Ed Kastelein, classic yacht-builder, skipper and owner is recreating an astonishingly accurate traditional yacht, this time another Herreshoff racer: the two-masted topsail gaff schooner Ingomar




Take a look at the latest stunning project underway at Graafship in The Netherlands. The yard—which otherwise manufactures hulls for highly demanding clients like Feadship—has just completed the hull of what will be Ingomar, a recreation of one of Nathanael G. Herreshoff’s greatest ever racing schooners, originally launched in 1903.

Graafship were looking to start a project on spec and consulted with legendary classic boat builder, owner and skipper Ed Kastelein. Luckily, after having taken a break from building and skippering his previous yacht Atlantic, Kastelein became enthusiastic about the idea of recreating one of Herreshoff's legendary designs, Ingomar and decided to join the yard in building it, becoming co-owner. We spoke to him while he skippered a charter aboard Atlantic in the Med.

“The hull is finished and the primer is on, and we’re now working out the interior design based on about two hundred original drawings—it’s a really, really nice design,” Kastelein told The Superyacht Owner this week. To source the original drawings, the team went to the M.I.T. Museum in Boston, where Kurt Hasselbalch, curator of the Hart Nautical Collections investigated the Haffenreffer-Herreshoff Collection to uncover the plans for the yacht. “There’s so much detail in the Herreshoff designs… right down to the screws," Kastelein enthused. "There’s an octagonal deck house in the middle and the saloon itself has a dome. It’s amazing design. Of course, you can’t do an exact replica these days, so we’re working out the modified design and production plans.”


Ed Kastelein, classic yacht builder, owner and skipper aboard Atlantic

Ed Kastelein image courtesy of Emmy Martens


Ingomar's hull in build at Graafship. Note the circular opening in the deck for the saloon's glass and mahogany dome.

Graafship and Kastelein are working on the project themselves, and unless they find an owner who wants to buy the project from them and deliver sooner, they will carry on over the next couple of years at an even pace to complete the vessel.

Kastelein, a Dutchman who turned his attention to classic yachts once he'd made a fortune in hotels in his 30s, has done as much as anyone in the world to bring the beauty and pure quality of classic sailing yachts back to the open oceans. With his fleet including the Grand Banks schooner Zaca a te Moana, Eleonora—a faithful recreation of the Herreshoff schooner Westward—and his most recent astonishing remake of the three-masted racing schooner Atlantic, Kastelein occupies a honourable position at the heart of modern yachting. Owned by the innovative brother Kees and Henk van der Graaf, Graafship built both Eleonora and Atlantic, earning the Dordrecht-based yard significant plaudits for their commitment to craft, dedication to detail and the fine art of building traditional boats that meet the stringent regulations now applied to commercial yachts.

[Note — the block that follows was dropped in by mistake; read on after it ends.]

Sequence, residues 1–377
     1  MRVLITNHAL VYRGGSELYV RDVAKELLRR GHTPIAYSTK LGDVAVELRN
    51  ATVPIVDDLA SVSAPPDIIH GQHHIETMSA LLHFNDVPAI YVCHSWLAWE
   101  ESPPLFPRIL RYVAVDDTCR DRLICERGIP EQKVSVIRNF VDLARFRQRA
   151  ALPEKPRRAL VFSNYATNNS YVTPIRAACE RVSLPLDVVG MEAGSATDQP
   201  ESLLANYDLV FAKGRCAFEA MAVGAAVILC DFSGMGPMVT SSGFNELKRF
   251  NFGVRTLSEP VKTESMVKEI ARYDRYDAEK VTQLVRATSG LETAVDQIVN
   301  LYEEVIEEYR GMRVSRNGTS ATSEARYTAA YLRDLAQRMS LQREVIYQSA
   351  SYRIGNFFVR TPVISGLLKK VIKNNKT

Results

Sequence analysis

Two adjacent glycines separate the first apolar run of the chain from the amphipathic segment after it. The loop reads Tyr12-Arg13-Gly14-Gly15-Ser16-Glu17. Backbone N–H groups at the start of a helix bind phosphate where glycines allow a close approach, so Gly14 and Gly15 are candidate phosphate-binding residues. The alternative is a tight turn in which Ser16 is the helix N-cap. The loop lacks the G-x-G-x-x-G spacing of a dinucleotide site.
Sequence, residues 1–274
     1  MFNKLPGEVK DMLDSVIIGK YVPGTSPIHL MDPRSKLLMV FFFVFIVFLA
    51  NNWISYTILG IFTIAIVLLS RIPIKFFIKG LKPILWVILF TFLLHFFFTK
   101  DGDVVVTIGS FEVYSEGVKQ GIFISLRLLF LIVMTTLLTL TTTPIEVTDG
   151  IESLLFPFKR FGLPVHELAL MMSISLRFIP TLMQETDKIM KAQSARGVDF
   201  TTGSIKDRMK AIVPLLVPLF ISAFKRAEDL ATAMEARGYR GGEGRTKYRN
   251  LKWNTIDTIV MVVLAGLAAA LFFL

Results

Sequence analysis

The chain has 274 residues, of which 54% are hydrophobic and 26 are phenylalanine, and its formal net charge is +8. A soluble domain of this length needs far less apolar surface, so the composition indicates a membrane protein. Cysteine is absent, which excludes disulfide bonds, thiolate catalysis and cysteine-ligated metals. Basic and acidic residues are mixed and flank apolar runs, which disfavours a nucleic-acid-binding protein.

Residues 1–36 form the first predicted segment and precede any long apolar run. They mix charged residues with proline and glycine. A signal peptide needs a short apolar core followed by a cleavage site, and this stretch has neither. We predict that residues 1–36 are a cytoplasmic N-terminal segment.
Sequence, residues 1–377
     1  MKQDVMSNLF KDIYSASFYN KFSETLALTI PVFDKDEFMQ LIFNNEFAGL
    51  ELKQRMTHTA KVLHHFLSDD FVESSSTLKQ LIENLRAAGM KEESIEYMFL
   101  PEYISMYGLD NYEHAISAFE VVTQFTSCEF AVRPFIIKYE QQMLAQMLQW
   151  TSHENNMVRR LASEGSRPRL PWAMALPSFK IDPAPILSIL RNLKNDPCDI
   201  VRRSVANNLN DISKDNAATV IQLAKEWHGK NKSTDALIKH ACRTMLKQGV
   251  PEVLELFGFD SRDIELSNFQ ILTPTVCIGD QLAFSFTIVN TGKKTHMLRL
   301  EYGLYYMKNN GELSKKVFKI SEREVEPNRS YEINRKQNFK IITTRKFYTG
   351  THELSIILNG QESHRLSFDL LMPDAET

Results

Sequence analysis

Sailing aboard Kastelein's Graafship-built three-masted schooner Atlantic

Part of what makes Kastelein a remarkable yachtsman is his personal commitment to the life and craft of yachts and boatbuilding. Kastelein is extremely hands-on with the build of his yachts. “Sometimes I think it’s a pity that I can’t take part in the building project more, helping the painters or the carpenters. Normally, I walk around the project during the day, checking on problems we can solve, managing the process of the build.

Kastelein attends regattas with his yachts frequently, and cites Les Voiles de Saint Tropez as his favourite regatta, though he insists they each hold appeal and are each different. Ingomar, which like the rest of Kastelein's yachts, are built to charter, will be able to compete in all the regattas. 

“I like the feeling of classic boats" Kastelein says. "The whole atmosphere around them is fantastic. The ones I’ve built have been not only fast but really very comfortable as well. A lot of the fast modern boats are missing the comfort element."

“In the last few years, we’ve mainly been sailing in Croatia, Greece and Turkey," he confided. "We charter, and most of the money is reinvested in the boats, covering the maintenance."

Graafship is building her to class Bureau Veritas with full MCA compliance, based on the original Hereshoff drawings, and with naval architecture consultancy provided by Wester Naval Architects of Einhoven. She'll have a sparred length of nearly 54m and 37m on deck. Accoring to the original designs, the hull is welded steel, while the deck houses are of quarter sawn mahogany. She'll carry Sitka spruce spars, galvanized steel standing rigging, wood blocks  and Dacron sails. All deck fittings are being recreated from the original drawings and manufactured by Absolute Projects in Lisbon, Portugal.

Ingomar will carry up to eight guests in four cabins, plus quarters for eight full time crew.


Original brass deck fittings aboard Atlantic